5. Journaling service


Like a journaling file system or a journaling database, this capability allows one to capture all of the transactions applied to the repository and replay them against a secondary repository instance or to restore a repository from backup.

6. Datastream checksums


As part of its ingestion and maintenance functions, the FEDORA software can now calculate, store, and verify checksums of datastreams. This helps ensure the integrity of the repository content, or at least detect when something goes wrong.

7. Support for PostgreSQL


In the battle between which relational database engine is best, FEDORA now supports most of the big ones out-of-the-box: Oracle, MySQL, and new PostgreSQL. Here at OhioLINK, we’ve started with MySQL but are considering a migration to PostgreSQL as our in-house, preferred RDBMS, so the timing of this announcement is great.

8. Standard system logging with Log4J


Put this one in the category of “playing nicely with others.” We’ve already reaped the benefit of the refactored logging code in the client JAR file in a pre-release version of the code.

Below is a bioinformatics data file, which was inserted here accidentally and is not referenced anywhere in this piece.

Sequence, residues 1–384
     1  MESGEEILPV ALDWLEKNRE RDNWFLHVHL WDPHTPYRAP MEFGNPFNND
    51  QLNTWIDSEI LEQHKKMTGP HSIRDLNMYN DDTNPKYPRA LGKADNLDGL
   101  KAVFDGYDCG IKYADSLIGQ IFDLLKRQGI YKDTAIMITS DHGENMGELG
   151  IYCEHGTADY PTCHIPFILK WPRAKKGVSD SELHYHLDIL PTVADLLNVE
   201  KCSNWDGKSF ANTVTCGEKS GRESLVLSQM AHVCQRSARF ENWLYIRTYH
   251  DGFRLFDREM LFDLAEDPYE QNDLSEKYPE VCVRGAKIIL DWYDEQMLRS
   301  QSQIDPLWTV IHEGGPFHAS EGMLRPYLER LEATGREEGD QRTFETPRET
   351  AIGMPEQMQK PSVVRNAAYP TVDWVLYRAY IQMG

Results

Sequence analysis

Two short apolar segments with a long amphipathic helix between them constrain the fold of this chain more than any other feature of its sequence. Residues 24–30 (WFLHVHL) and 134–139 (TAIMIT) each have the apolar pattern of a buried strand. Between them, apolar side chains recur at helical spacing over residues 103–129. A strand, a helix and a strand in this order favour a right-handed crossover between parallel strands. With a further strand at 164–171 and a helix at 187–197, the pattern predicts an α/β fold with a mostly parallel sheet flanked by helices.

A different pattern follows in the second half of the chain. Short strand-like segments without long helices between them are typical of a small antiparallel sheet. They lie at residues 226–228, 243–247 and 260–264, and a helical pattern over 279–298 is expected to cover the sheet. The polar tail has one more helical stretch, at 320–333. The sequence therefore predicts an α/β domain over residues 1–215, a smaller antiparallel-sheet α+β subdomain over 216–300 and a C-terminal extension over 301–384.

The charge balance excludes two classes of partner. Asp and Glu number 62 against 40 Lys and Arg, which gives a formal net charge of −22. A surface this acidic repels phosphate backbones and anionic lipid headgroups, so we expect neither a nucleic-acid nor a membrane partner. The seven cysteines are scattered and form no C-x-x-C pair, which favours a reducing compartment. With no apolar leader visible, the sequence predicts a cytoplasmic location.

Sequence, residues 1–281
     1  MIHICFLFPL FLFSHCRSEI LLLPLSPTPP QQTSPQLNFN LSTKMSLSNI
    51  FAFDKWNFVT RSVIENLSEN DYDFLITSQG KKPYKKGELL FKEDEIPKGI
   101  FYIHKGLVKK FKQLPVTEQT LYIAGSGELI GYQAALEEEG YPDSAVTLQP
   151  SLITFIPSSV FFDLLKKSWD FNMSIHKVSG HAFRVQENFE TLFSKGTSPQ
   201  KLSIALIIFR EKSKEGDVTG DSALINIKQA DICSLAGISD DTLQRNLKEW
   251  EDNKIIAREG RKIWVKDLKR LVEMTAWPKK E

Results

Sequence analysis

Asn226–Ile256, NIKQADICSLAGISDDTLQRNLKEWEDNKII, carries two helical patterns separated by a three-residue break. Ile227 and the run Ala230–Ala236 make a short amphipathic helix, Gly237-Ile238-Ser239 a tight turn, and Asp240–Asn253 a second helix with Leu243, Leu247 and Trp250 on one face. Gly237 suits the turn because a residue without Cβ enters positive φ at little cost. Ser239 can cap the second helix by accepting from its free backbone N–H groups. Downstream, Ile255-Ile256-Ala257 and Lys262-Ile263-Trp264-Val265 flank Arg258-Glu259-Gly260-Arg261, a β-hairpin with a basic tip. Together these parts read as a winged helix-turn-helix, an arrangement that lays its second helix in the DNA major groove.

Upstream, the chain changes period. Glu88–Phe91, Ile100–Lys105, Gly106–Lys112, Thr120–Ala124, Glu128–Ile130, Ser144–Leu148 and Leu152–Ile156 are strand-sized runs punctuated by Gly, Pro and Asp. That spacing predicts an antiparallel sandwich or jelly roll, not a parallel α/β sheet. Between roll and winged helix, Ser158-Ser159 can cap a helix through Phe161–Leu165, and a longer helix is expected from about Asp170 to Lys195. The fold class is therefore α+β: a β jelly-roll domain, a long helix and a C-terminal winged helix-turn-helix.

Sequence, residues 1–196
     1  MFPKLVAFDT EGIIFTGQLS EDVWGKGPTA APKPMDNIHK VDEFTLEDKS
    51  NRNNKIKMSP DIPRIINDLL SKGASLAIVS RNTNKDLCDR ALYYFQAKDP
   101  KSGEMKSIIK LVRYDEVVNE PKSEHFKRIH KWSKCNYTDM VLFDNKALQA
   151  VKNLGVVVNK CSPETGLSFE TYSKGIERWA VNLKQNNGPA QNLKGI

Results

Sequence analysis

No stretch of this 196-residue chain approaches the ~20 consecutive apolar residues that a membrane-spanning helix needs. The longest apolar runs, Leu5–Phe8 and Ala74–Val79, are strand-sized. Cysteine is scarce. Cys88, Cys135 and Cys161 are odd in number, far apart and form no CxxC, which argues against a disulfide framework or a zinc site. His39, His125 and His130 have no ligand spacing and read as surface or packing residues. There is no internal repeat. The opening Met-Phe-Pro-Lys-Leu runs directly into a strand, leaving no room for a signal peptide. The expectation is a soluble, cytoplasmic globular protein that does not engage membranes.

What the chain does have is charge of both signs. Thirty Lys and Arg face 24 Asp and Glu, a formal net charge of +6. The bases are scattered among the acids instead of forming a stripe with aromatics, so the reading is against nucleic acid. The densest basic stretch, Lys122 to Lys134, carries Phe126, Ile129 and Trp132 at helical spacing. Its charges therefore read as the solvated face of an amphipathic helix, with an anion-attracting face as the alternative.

9 and 10. Bug fixes and many other enhancements


The core code is evolving along a nice trajectory. This is good to see for the health of the overall project!

Version 2.2 represents another monumental step towards the vision of a Flexible, Extensible Digital Object Repository Architecture. Congratulations to the core developers for what sounds like is going to be a great release.

The text was modified to update a link from http://comm.nsdl.org/pipermail/fedora-users/2006-December/002330.html to http://article.gmane.org/gmane.comp.cms.fedora-commons.user/2330/ on January 19th, 2011.

(This post was updated on 19-Jan-2011.)